McLellan, Sharks deny they have 'demons'


McLellan, Sharks deny they have 'demons'

Tim Panaccio

VANCOUVER, British Columbia -- Five times in the past seven seasons, the San Jose Sharks have lost to the eventual Western Conference champion.When this series began between the Sharks and Canucks, hockey historians labeled it as one where both franchises were seeking to exorcise demons from their past.Vancouver has not been to a Stanley Cup Final since losing to the Rangers in 1994.The Sharks? Theyve never been there and had a chance last year and still have one this spring, as well, under coach Todd McLellan, albeit, a slim chance at this point, trailing 3-1.

Vancouver needs just one win to heap another years disappointment on the Sharks. Ryane Clowe has been a Shark six seasons, so he knows a thing or two about carrying franchise burdens around every spring.
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Theres a lot of pressure on us already because were going to be question marks after the season, Clowe said on Monday night.The last couple of years, its felt different. We lost to Anaheim in Todds first year. That was a tough one. Todd has a different mentality that hes brought in here. We dont feel that way.I know its always a talk with the Sharks -- the need to take that next step. But sometimes, you get so close. Obviously, the last couple of years we were right there. Youre obviously doing something right. You can look at it that way. A lot of teams would love to have an opportunity to get this far. But we cant look at that way.We got to make that next step and get to the Cup Final. Then go from there. I dont know anything about demons. Weve got a lot of the same core here. Theres different guys coming in every year,changing it up, but I think for the most part, the core guys have played pretty good hockey.Hes talking team captain Joe Thornton (17 points), who will play in Game 5 despite a shoulder injury;Patrick Marleau (12 points), Douglas Murray, Dan Boyle, whos won a Cup, and even himself.McLellan objected to the characterization of demons when asked at his morning press conference in San Jose, before the team arrived in Vancouver.
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You guys think we have demons, McLellan responded. They don't exist in our world. We've had a lot of success as an organization and as a franchise. We can keep referring back to the Conference Finals in 2004, say that we had an eight-game losing streak. I think some of you wrote that. I don't know what the hell 2004 has to do with 2011.I don't think we have demons. We have a team that's worked extremely hard to get to the Conference Finals. We've had a team that's faced a lot of adversity, external adversity.The only people we answer to are ourselves in that locker room. We don't answer to the media. We answer to our fans somewhat here at home. We owe them an effort. We owe them a commitment level second to none. But that's it.Trite as it sounds, theres a saying: closing out a series is always the hardest game. The Sharks know firsthand how Detroit came back at them the last series to force a Game 7. Now San Jose has to do the same with Vancouver.You cant win three times in one game.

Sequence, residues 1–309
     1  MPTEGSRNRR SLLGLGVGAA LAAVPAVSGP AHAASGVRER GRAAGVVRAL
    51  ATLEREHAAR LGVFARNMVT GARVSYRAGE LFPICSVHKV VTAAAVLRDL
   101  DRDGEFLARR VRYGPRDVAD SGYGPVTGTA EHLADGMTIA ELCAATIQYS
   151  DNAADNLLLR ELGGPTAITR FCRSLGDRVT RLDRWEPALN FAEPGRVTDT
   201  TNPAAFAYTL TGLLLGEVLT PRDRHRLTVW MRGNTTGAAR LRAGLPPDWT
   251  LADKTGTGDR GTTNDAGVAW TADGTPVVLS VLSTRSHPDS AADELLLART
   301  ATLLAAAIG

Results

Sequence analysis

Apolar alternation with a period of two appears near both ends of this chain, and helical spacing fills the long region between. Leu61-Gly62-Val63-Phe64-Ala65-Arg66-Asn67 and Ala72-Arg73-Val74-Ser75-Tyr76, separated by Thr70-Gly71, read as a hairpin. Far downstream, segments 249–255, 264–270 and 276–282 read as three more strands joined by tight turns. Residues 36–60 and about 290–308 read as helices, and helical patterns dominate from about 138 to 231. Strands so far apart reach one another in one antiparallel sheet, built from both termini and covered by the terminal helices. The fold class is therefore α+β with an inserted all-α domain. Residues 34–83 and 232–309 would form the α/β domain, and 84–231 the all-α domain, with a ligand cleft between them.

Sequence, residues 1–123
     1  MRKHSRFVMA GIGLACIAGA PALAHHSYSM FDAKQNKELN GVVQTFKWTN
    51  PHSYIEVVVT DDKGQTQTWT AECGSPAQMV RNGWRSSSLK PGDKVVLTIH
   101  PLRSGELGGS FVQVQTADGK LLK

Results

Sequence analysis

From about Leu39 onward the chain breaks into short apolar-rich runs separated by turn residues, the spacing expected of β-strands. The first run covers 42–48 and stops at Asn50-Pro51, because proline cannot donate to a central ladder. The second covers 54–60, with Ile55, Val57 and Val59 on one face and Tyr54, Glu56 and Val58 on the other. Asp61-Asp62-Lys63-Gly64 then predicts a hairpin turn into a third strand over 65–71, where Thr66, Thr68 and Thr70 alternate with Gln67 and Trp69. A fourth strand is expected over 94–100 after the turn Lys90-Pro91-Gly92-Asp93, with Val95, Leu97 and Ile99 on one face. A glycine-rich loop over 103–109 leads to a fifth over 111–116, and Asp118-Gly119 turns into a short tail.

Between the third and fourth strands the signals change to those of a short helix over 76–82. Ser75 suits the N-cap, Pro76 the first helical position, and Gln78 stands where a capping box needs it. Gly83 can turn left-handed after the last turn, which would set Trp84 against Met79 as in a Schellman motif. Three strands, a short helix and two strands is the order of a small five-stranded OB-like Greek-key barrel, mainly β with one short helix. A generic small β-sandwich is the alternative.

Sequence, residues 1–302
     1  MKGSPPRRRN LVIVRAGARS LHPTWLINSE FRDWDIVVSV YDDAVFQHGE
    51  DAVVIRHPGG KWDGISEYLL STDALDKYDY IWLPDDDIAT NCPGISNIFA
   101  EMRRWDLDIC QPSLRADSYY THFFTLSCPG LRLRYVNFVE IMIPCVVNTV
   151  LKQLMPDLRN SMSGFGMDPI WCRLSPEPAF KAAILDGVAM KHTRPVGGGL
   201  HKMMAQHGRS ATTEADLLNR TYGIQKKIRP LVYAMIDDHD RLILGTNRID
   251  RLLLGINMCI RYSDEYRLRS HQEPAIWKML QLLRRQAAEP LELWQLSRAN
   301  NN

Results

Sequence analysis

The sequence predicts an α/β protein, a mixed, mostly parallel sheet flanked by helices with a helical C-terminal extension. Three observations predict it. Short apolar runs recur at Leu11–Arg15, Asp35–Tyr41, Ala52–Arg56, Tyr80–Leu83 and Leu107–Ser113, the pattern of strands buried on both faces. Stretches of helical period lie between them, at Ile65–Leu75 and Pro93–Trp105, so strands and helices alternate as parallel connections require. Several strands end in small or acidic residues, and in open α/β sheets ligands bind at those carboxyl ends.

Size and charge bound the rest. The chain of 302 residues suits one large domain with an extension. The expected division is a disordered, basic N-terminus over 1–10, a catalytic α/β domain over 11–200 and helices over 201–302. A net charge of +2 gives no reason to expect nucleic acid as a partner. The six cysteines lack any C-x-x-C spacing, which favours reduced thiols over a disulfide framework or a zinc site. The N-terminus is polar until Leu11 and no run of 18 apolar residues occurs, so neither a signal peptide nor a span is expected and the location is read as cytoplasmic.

Often, the pressure to win a fourth game is greater than the pressure the other club feels in an elimination game.You would assume theres more pressure on them; theyre up 3-1, Murray said. Its tough to answer.Clowe said the Sharks could relax a bit and play better because all the expectations are on the Canucks ending the series here.That could be true, but if the Vancouver guys want to take less pressure, I can take three wins, Murray said smiling.The Sharks have been in this situation before, so its nothing new to them, Clowe said.We played Detroit that last series, looked like we had it wrapped up and then we lost and had to go backto Detroit for Game 6 and all of a sudden, it gets your thinking a little bit, he said.Right now, we feel confident if we can win tomorrow, we can go back home and win Game 6 ... For the first time in the playoffs, maybe we just gotta play. Play loose and no pressure on us and just go get them.Were down 3-1, but I think you see us go a little more. A little looser, create a little more offensively. As much as we can try to put pressure on them, why not?

Perhaps if Game 5 is played 5-on-5 instead of special teams, maybe the Sharks can make a go of it.

No disrespect to Vancouver, but weve been beating ourselves, Murray said. We have not been very good on execution in most games. The goals weve been giving up, its not our systems, its execution.Ask either of the coaches or even the players, you dont want to get into a special teams battle. You want to keep penalties down and draw more penalties than you take We want to take as few penalties as possible, but that has not been the case in this series.It would help immensely if Dany Heatley stepped up in this one, as well.Heatley has been a no-show with one assist. He has just five goals in 31 career playoff games as a Shark.Even more stunning, as the San Jose Mercury News reported, Heatley has just one power play goal as a Shark over the teams last 140 chances, going back to last postseason.We often say as a coaching staff about individual players: What more can we do with them? McLellan said. That's a cop-out as a coaching staff. We have to find ways to make them better, help them. There's a real good lesson I learned in Minnesota's organization. Doug Risebrough said, You always have to try to find a way.